One other possibility is to accept a parent and student working as a team. I will not charge extra for this - only one work station will be provided which will be shared between the two. Ideally this allows the younger student to do as much work as they are able, with the parent assisting on heavier physical tasks. Work will be limited to the use of a gas forge only (due to space constraints around the coal forge).

I would consider any potential student under 14 too young to be involved in the normal scheduled courses. I am willing to discuss the possiblity of designing a 'Private Session' program for individual students.


Thursday, April 27, 2006

Computer Confusion / New Links

"The mountain does not speak but is often right.."

Jasper Friendly Bear

I did try to slap something up here earlier in the week, but for some reason the blog site kept crapping out on me and not uploading the post.
Who Knows?
Just went through a process of moving USP peripherals around my Mac G4. Several would only work on the main slot on the back of the machine - of which there are only two. Problem is I have three units (hard drive, printer, zip drive). pinter would not work on the powered 4 x expansion port. Hooked it up to the main box and it worked (loose the other two however). Put it BACK to the expansion port - and now it works. The zip drive runs on the expansion, but the hard drive has to sit on the main tower. Who can figure this out.

If anyone reading this can tell me how to get my internal DVD recorder (HL-DT-ST DVDRAM GSA-4120B) to work correctly - there is a nice gift in it for you. The damn thing will not record DVD's either via Apple's system software OR via Toast. It read disks (both CD and DVD's ) fine. It records CD's fine. I've given up on it.

What I had wanted to post up earlier was a note that I have added some new material to the main WAREHAM FORGE web site - a separate links page on the Iron Smelting section.

Finally got a web site that I was creating (for a fee) finished and all installed:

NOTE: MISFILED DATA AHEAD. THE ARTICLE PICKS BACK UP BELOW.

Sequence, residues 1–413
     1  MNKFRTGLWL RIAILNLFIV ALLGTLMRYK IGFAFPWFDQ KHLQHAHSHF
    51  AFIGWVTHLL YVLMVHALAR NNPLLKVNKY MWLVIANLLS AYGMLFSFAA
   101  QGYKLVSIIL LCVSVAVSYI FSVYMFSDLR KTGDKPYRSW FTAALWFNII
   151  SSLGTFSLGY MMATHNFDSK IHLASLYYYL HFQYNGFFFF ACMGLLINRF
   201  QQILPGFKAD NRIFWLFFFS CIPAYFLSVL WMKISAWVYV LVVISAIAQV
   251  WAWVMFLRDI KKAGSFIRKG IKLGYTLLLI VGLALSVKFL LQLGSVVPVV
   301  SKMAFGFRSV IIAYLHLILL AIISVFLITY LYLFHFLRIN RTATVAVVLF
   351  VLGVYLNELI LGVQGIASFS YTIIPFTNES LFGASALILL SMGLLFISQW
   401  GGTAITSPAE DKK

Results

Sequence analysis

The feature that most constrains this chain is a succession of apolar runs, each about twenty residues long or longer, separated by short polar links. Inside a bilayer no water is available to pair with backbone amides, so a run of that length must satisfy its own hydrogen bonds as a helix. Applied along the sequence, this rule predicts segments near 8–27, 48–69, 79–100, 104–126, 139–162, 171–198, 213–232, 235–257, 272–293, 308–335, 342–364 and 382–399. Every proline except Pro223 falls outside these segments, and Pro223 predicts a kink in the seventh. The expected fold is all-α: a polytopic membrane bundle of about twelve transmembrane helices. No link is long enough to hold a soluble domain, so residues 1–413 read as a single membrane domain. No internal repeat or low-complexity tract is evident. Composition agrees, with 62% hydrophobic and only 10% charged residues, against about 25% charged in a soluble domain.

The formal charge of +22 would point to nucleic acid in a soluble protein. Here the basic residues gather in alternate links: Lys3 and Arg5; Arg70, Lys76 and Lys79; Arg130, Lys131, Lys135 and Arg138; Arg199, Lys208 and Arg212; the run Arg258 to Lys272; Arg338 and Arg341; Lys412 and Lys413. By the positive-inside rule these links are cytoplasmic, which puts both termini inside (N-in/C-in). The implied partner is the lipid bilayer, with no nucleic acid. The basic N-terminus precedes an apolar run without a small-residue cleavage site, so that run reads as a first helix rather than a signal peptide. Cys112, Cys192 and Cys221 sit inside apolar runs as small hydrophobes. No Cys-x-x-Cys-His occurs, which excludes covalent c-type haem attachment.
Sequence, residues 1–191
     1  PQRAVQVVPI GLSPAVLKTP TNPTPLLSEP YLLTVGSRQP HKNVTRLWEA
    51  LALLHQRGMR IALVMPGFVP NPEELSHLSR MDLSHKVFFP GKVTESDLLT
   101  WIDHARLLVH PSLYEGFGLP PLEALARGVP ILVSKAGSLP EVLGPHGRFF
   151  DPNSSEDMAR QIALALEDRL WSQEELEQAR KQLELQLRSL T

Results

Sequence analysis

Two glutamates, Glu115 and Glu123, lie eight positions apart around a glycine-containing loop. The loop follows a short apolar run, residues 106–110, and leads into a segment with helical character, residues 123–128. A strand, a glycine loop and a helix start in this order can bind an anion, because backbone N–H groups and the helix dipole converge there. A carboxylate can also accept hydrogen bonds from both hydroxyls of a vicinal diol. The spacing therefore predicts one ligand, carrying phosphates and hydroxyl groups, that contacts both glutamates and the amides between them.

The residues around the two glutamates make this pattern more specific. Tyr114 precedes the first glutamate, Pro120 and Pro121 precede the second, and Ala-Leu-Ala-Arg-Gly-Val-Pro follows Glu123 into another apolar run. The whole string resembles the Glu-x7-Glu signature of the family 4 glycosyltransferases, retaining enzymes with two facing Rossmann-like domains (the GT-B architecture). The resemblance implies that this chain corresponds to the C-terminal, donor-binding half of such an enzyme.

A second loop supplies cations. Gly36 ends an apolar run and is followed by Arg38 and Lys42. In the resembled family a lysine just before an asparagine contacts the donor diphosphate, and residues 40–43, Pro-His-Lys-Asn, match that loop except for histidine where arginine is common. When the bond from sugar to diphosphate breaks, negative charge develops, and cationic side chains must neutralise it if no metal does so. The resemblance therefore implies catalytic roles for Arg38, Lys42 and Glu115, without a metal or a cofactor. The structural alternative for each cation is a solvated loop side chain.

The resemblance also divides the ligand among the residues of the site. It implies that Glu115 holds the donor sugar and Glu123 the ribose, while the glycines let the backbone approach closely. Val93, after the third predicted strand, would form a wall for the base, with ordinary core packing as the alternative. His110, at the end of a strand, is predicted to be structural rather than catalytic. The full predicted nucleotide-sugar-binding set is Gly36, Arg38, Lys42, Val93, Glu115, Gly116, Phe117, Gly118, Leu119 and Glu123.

I had thought that I could offer a basic web design and creation service to area artists. So many have basic e-mail service, but don't bother with the web site (that comes with hook up) because is all technobable to then. Not the smartest, since the web is by far the cheapest advertising for the dollar that you'll ever find. Maybe more on this latter...


Monday, April 24, 2006

Some Iron links

I've just added a section of iron smelting links on to the Wareham Forge site:

Now - if I can just get to revising the SITE INDEX with all this new stuff added over the last couple of months!

The work on the bed frame for the lady in Lindsay is coming along. Have the major elements of the headboard completed - just have to add the tendril wraps and weld the pieces together. may finish the decorative work today...


Friday, April 21, 2006

Some 'Bloom to Bar' Links

So - Karen tells me I should get with it and figure out how to add links inside these posts:

I had asked on EARLY IRON a number of weeks ago if there was a known sequence traditional to Northern Europe for converting blooms to bars. Like many things - its turning out that this is something that has never been researched (or the research is hard to find). James Brothers had bounced the question up to ARCH METALS. One response came back - indicating this link

If you check it, you will see that it does not really answer the question.

A bloom as extracted from a the smelter, is inconsistent in its structure. A 'good workable bloom' will tend to be denser in its centre, and have more slag inclusions towards the outside. Imagine a muffin with nuts in it. As the bloom is compacted, the slag (the nuts) is compressed and tends to squirt out of the material. Most of the force is applied from one direction - this will leave thin flattened ovals of slag. The smith will attempt to compress out as much of this slag as possible.
As you might guess - the direction of these thin (microscopic) slag inclusions would indicate how the bloom would have been folded and compressed.

I may get around to writing up something about this. In theory a metal artifact could be sliced and polished and examined in detail to determine things like:
How many folds were made
What direction the folds were taken
What exact sequence of folds and direction of flattening were used.